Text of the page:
Sometimes, a customer service representative may need to research information to answer customers' queries. For example, a customer service representative at a travel agency might research a location's weather conditions at different times of year to help their customers book travel at an ideal time. If an issue requires extensive research, a customer service representative may offer to call customers back once they have the required information.

Related: 12 Good Customer Service Examples

Escalating complex queries

A customer service representative may occasionally need to escalate complex queries to their manager or employees from other departments. If a customer has an issue with an app's functionality, for example, the customer service representative may direct them to the tech team. When complex queries are escalated, they'll likely need to be logged into the CRM system for easy tracking. Escalating issues to the right person can minimise wait times and help customers get their issue resolved sooner.

Processing customer transactions

Some customer service representatives may process transactions on behalf of customers. If a customer wants to make a purchase, for example, a customer service representative may process the order for them. Depending on the size of the business, they might also process payments for paid invoices and send payment confirmation notices.

Updating the customer relationship management system

An important part of a customer service representative's job is to log their customer interactions in a business's customer relationship management software. They usually make these notes during or immediately after interactions so that all details are relayed. These notes can then be referred to when managing customer issues, ensuring information is accurate even when another employee picks up a query.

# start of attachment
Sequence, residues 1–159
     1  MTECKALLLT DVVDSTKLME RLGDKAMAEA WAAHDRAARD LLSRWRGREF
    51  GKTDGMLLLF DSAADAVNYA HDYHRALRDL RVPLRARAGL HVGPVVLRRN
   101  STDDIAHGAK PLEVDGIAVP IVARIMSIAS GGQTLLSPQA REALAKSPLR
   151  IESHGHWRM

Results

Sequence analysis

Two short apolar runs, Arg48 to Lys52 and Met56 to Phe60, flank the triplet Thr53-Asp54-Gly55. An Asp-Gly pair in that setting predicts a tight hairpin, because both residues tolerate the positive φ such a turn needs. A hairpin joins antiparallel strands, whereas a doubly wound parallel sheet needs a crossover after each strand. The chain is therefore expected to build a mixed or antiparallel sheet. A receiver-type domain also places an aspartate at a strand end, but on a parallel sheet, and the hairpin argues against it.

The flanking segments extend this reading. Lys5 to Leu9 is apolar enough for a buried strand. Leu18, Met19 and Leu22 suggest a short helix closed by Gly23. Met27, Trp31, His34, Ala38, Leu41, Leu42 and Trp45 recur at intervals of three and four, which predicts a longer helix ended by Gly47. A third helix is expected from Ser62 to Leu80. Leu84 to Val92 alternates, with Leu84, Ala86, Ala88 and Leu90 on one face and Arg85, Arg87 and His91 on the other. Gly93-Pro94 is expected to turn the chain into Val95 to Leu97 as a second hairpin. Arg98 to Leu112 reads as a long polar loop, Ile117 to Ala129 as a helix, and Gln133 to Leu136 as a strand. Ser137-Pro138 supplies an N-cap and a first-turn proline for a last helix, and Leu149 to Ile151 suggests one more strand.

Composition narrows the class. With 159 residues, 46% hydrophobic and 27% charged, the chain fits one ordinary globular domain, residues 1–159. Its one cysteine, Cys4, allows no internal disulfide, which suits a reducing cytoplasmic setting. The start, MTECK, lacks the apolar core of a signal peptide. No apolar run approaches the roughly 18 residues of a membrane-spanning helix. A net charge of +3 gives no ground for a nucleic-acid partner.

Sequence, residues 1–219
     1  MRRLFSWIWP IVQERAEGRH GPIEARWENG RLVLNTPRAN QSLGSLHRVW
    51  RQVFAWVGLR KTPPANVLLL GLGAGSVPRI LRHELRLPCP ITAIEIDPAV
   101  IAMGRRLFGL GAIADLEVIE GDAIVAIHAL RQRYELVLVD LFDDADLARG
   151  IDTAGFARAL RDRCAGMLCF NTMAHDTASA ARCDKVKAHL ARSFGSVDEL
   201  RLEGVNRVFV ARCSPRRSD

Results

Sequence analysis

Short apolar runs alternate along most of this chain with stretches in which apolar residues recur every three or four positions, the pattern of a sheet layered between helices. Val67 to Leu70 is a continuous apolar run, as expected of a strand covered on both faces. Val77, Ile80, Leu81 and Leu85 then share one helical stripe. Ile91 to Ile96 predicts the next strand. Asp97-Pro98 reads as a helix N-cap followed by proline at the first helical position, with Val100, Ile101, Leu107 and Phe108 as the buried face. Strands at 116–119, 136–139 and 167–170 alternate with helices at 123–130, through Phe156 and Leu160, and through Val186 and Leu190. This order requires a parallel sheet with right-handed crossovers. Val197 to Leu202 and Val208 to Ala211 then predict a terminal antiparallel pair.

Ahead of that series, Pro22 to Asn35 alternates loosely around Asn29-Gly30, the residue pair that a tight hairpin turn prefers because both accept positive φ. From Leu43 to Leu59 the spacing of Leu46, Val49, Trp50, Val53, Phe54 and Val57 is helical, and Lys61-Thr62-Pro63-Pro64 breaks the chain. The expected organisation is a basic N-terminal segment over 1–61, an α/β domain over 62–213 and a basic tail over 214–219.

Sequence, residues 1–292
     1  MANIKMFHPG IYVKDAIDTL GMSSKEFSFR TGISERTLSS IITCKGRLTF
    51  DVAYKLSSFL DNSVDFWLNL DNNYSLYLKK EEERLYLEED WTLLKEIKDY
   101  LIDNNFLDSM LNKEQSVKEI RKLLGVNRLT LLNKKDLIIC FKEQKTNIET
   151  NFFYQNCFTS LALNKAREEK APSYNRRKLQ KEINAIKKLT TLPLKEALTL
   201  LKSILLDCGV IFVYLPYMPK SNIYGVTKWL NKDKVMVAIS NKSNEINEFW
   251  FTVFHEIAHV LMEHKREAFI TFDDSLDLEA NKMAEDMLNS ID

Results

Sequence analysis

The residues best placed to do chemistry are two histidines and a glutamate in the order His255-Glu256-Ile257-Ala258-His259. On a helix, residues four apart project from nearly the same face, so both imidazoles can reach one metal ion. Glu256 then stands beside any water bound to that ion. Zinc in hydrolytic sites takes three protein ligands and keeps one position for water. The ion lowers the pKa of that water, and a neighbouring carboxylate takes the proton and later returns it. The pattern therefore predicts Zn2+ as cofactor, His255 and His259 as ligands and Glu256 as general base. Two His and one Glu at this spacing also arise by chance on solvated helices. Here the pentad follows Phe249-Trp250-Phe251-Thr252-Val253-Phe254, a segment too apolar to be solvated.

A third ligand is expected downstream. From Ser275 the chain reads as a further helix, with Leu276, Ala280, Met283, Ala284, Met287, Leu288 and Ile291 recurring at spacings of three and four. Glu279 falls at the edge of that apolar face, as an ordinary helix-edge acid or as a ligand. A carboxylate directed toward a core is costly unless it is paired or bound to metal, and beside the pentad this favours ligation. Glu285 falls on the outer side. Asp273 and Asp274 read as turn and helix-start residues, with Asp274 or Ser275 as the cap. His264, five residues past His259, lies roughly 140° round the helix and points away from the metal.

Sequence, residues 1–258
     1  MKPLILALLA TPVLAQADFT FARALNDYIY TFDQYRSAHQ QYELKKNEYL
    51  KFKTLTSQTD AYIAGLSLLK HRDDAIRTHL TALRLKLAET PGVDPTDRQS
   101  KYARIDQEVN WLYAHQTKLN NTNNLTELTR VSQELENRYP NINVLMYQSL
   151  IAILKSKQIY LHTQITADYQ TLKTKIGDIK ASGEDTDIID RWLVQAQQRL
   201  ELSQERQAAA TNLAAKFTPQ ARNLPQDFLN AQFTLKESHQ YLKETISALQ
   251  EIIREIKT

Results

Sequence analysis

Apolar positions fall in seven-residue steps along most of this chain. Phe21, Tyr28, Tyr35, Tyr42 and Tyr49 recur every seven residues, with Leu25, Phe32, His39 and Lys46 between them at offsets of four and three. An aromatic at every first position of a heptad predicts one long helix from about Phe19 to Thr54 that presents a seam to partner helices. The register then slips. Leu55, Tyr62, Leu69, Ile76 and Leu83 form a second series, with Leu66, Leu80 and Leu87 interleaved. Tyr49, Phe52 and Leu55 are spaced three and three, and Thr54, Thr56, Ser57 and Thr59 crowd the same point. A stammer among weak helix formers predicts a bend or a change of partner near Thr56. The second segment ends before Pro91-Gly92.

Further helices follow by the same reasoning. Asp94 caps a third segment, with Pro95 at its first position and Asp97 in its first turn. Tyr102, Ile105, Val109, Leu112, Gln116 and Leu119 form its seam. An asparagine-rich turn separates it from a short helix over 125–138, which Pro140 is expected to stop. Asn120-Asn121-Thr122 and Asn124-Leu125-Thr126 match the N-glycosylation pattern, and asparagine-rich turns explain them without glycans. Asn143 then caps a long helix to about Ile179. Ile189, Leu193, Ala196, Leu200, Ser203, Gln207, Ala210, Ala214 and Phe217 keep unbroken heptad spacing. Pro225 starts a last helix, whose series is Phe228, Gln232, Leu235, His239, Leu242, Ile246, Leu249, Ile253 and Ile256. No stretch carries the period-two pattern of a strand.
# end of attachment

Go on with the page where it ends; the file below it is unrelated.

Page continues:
Related: ERP vs CRM (including Tips on How to Choose the Right One)

Managing return requests

If a customer is unhappy with their purchase, a customer service representative may have to manage a return request. Depending on the product, date of purchase and reason for the return, the customer may be issued a refund or credit. If a product is ineligible for a return, the customer service representative may need to explain the business's policies to customers. If a product is faulty, they may organise a replacement or repairs.

Updating knowledge base and issue logs

After successfully troubleshooting issues or resolving customer queries, a customer service representative might update the business's knowledge base and issue logs. This information may be referred to by other customer service representatives if they have similar issues.

Sharing feedback with internal teams

Customer feedback can help a business improve its operations, products and services. Part of a customer service representative's role includes sharing customer feedback with their managers and members of relevant departments. If there are recurring complaints about a bug in the business's app, for example, they may share this feedback with the tech team. Positive customer feedback might be shared with the sales and marketing department to use in promotional materials.

Participating in training sessions

Customer service representatives regularly participate in training sessions to ensure they stay up to date on the business's products and services. If a new product is being released, for example, they may be trained on its features. This helps them educate and advise customers better. These training sessions are often scheduled at the end of the workday to minimise interruptions to normal daily operations.

Related: Training Program Examples (with Step-by-Step Guide)

Participating in team building activities

Sometimes, managers may organise team building activities to strengthen their team's connection or reward them for good work. Customer service representatives may participate in several kinds of team building activities, such as attending a lunch at a nearby restaurant, going for drinks after work or sharing cake on a team member's birthday.

Related: 10 Communication Team-Building Activities (plus Tips)

Answering out-of-hours calls

Some customer service representatives remain on-call outside their standard shifts to answer urgent customer enquiries. If they receive a complex enquiry, they may take notes so that a supervisor or other department member can attend to it in the morning.